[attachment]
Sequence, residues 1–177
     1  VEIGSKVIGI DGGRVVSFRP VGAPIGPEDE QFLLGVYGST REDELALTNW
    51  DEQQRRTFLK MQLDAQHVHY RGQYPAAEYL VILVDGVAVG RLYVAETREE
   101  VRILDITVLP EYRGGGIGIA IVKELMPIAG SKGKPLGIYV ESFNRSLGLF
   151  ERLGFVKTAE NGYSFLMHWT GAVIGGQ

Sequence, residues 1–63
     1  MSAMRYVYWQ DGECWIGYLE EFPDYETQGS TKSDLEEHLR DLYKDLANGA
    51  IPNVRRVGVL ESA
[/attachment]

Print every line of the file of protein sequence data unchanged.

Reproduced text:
Sequence, residues 1–177
     1  VEIGSKVIGI DGGRVVSFRP VGAPIGPEDE QFLLGVYGST REDELALTNW
    51  DEQQRRTFLK MQLDAQHVHY RGQYPAAEYL VILVDGVAVG RLYVAETREE
   101  VRILDITVLP EYRGGGIGIA IVKELMPIAG SKGKPLGIYV ESFNRSLGLF
   151  ERLGFVKTAE NGYSFLMHWT GAVIGGQ

Sequence, residues 1–63
     1  MSAMRYVYWQ DGECWIGYLE EFPDYETQGS TKSDLEEHLR DLYKDLANGA
    51  IPNVRRVGVL ESA